Thursday, 26 May 2016

Third Day (26 May, Thursday)

From the project sharing sessions, I have been given a deeper insight on each project even though I have not attended all of them. One interesting concept I learnt was that of the different scientific terms. An example would be during the sharing session of Project 6: Building a Flying Machine, they mentioned terms such as "drag", "weight" and "yaw" with meant the opposite of the direction of movement, the pull of gravity and the twisting or oscillation of a moving craft about a vertical axis. These are all valuable pieces of knowledge. Another example would be from Project 4: Water Tower Challenge. Other than sharing their project, they also shared how the water tower should be built in order to support more weight. This is namely putting the supporting sticks under the base and strategically placing the support sticks of the tower such as directly under the base as an extra support as that would prevent the base on top from bending too much. In the sharing session of Project 5: Obstacle Course Challenge Using Mobile Robot, they shared the process of how they programmed the robot. Firstly they had to learn the basics then slowly build up the knowledge and apply it to the challenge. They also had to look out for coding errors that were quite predominant in this area. Such an approach can actually also be applied to our everyday activities. When we start exploring something new, we must always first build up our foundation then slowly take in everything around us and build upon our castle of knowledge. During this process, we also need to point out any of our mistakes so that they will not be repeated in the future.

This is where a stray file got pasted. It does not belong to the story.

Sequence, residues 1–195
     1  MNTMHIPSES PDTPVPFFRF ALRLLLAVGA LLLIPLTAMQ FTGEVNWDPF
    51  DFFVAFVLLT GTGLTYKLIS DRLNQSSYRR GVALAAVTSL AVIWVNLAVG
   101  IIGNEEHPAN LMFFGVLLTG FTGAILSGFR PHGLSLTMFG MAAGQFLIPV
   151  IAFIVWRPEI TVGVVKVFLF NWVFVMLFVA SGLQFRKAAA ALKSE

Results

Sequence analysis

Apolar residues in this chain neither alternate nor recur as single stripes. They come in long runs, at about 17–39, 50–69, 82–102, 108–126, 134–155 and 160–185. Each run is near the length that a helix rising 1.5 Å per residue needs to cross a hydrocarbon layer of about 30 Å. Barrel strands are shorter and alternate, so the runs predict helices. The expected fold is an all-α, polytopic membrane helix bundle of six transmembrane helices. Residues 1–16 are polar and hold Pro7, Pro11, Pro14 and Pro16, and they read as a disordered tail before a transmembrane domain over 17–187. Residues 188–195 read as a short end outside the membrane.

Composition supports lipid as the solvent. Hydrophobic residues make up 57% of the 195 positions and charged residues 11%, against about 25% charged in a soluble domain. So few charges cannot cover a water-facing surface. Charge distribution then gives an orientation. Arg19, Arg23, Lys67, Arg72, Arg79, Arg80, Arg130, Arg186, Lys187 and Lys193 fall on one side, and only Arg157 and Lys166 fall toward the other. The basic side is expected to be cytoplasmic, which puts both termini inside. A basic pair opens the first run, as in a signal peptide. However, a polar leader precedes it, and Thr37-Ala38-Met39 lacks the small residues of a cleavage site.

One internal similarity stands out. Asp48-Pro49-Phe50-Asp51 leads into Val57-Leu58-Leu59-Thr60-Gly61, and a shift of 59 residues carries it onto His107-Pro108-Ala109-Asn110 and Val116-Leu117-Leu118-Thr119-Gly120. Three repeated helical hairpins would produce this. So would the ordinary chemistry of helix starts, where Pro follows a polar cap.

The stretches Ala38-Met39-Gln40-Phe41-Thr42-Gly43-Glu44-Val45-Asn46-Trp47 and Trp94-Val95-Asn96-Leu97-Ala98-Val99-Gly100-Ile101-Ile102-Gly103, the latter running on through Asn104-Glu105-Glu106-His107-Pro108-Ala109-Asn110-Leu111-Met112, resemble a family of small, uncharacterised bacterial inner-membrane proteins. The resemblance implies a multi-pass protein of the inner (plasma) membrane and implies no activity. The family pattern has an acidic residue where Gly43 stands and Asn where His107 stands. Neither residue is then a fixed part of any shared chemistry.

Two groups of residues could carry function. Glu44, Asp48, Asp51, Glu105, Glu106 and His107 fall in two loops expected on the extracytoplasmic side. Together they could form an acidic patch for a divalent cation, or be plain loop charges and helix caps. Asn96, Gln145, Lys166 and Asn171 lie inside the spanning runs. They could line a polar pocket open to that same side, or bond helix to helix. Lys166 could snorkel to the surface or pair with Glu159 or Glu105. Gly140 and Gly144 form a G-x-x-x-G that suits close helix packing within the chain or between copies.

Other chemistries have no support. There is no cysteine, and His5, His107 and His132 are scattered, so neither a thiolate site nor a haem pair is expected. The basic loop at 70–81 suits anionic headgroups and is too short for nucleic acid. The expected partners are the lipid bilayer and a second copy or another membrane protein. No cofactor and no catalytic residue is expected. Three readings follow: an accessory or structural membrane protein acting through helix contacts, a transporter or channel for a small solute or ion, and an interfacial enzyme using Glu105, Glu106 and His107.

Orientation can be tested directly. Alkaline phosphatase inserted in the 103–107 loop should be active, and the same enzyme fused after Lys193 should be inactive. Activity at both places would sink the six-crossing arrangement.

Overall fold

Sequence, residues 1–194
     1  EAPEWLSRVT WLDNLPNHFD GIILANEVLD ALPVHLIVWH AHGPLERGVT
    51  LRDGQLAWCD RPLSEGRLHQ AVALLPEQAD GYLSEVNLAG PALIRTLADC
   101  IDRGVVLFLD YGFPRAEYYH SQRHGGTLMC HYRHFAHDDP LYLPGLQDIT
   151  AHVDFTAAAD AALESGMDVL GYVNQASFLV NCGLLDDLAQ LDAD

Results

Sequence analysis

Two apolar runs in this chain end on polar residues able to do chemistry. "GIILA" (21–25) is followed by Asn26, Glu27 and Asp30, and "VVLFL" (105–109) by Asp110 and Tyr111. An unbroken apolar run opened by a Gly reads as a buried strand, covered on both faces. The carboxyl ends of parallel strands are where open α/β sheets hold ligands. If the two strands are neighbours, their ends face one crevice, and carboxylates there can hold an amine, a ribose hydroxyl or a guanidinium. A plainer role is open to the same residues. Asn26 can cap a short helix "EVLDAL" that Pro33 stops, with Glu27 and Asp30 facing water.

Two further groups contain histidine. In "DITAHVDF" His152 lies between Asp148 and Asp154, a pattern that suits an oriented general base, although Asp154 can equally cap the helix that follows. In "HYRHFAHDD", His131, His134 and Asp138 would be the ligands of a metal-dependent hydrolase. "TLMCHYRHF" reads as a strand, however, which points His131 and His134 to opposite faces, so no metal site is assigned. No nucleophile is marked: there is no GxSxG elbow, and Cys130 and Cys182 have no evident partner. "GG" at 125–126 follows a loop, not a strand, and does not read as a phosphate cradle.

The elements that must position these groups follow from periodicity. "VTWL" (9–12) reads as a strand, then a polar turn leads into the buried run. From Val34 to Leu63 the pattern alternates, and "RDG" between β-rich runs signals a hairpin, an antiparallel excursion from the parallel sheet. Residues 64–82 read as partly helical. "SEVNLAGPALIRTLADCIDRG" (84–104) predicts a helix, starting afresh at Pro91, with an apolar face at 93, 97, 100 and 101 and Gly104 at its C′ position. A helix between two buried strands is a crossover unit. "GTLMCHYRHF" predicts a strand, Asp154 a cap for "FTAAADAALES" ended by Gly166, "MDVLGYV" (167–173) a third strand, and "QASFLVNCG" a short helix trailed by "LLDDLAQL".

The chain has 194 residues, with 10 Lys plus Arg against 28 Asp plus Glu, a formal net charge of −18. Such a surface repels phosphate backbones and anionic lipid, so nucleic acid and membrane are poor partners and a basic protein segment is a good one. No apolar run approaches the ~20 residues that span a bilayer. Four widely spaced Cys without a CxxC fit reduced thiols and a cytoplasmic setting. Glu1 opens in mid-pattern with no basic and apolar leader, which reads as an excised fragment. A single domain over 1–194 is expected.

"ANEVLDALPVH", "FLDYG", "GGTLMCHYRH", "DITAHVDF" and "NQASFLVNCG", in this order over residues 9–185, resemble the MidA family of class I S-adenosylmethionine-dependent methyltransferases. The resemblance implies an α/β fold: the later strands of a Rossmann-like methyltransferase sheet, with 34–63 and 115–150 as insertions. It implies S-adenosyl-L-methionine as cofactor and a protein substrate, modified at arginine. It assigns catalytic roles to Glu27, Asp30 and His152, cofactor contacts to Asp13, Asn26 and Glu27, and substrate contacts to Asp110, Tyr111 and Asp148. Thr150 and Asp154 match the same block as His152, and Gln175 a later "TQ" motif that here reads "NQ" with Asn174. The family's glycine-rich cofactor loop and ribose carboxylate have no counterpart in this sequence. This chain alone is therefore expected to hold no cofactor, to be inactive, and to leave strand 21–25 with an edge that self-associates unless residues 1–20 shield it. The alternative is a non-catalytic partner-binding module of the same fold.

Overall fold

I feel that this NTU-SST flagship programme has given me a deeper understanding on engineering and physics. Relating first back to my own project, I have learnt much about the mechanics of the steam engine. Previously I had limited knowledge on this topic yet now I understand that because of the steam has a much higher density than water, hence, it pushes the water in the tubes outwards. The movement then causes a thrust, pushing the boat forward. When the steam condenses on the cool metal surfaces, the pressure reduces, pulling water back in. As such, the process repeats over and over again.

Overall, I feel that the sharing session was a great opportunity for students to share what they have learnt. Furthermore, we were required to use our own materials (photos and videos) as far as possible to illustrate our project. Through the presentations and sharing sessions, even those only to their peers, we as students were able to express our learning process and how we have interpreted  the projects. The various student mentors and professors were also key in assisting us during our experimentation and provided us with valuable knowledge and insights on the various projects. All of them put in tremendous effort to help and support us granted their tight and busy schedules. Thank you to all of them! Lastly, I feel that the sharing sessions not only benefitted oneself in strengthening our knowledge on our own various scientific or design concepts, but also allowed the audience comprising of both teachers and students to hear about their individual projects. This allowed all of us to gain new knowledge making it a meaningful session indeed.

Some images from the sharing sessions:



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